On Duolingo i was asked to translate "I do not like oranges, but I like apples."

So my answer was

Ich mag Orangen nicht, aber ich mag Äpfel.

But it was false for some reason, and the correct one is:

Ich mag keine Orangen, aber ich mag Äpfel.

So what is the difference between the two ?

  • 4
    It's not wrong.
    – äüö
    Jan 29, 2020 at 7:16
  • 1
    Beside the nuance in meaning there is another "trap" in languages like German: people tend to skip the word "nicht" while reading/ listening. That leads to my personal taste to prefer "keine" in your case. Jan 29, 2020 at 7:16
  • 1
    @äüö: What makes you sure you can edit most spelling errors away? Do you know that the algorithm on Duolingo ignores them? (and it makes half the answers strange because they refer to) Jan 29, 2020 at 7:17
  • @ShegitBrahm: I understood the only thing he wanted to ask was why someone judged his translation as wrong referring to the content, which means "mag ... nicht" vs "mag keine ...". I thought the typos were another mistake when he wrote the question here.
    – äüö
    Jan 30, 2020 at 15:35

3 Answers 3


1) As substantive Orangen has to start with a capital letter. This is an error.

2) The difference between mag Orangen nicht und mag keine Orangen is between minor to non-existing. If find the keine variant somewhat nicer, but this can't be the reason for a rejection.

  • I agree that the difference is only in style. The only reason why any teacher would consider your version wrong (apart from the missing capitalization) that I can think of is that in the second version both parts have a matching structure. Another possibility would be *Orangen mag ich nicht, Äpfel aber schon. Jan 28, 2020 at 14:53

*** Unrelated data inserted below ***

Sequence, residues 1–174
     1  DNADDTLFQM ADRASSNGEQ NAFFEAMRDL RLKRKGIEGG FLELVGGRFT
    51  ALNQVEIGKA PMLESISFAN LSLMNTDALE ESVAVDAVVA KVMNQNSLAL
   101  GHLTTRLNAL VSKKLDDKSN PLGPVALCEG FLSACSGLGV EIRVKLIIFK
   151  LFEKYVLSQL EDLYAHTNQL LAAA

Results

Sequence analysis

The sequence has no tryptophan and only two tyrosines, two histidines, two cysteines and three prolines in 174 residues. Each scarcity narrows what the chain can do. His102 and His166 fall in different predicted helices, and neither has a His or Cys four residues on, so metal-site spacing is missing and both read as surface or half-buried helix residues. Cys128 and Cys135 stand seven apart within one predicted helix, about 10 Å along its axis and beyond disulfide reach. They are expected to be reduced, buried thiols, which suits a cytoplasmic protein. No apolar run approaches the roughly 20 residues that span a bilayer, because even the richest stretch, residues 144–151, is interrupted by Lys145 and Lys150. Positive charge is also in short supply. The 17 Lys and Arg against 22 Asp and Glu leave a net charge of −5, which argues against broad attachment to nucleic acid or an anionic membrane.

• 2
    Einer Anregung von @userunknown folgend möchte ich guidot fragen, warum Du die -meiner Ansicht nach absolut berechtigte - Frage zwar beantwortet, nicht aber hochgewertet hast. (Der zu diesem Zeitpunkt einzige upvote stammt von mir.) Jan 28, 2020 at 14:55
  • 2
    You are giving Duolingo too much credit, it is possible that they had just one “correct” answer for that question.
    – Carsten S
    Jan 28, 2020 at 19:32
  1. Ich mag keine Orangen, aber ich mag Äpfel.
  2. Ich mag Orangen nicht, aber ich mag Äpfel.

In fact, both sentences are correct translations of the English sentence "I do not like oranges, but I like apples." It depends on the context and one's personal preference which sentence is used.

The first sentence is unmarked in that it simply enumerates two information: (1) you don't like something; (2) you like something else. The connector aber indicates that both information are in contrast. Consider the following example dialogue:

A: „Was soll in den Obstsalat?“
B: „Hm, also ich mag keine Orangen, aber ich mag Äpfel. Und Kirschen ...“

The second sentence emphasizes this contrast a bit more, and it is typically used when the thing you don't like was already mentioned before:

A: „Wollen Sie vielleicht ein Netz Orangen?“
B: „Tut mir leid, ich mag Orangen nicht, aber ich mag Äpfel.“
A: „O, da kann ich diese hier empfehlen ...“

Or when you were explicitly asked what you do not with an emphasis on the word nicht:

A: „Was mögen Sie nicht?“
B: „Ich mag Orangen nicht, aber ich mag Äpfel.“

Anyhow, using the first sentence in the last two dialogues would be correct, too.


Apart from very fine nuances that have already been pointed out, (1) may also be used to express "temporary disliking" in specific contexts (with some adjustment):

  • Was magst du jetzt gerne essen?
  • Ich mag keine Orangen, aber (ein paar) Äpfel möchte ich gerne.

This does not work for (2).

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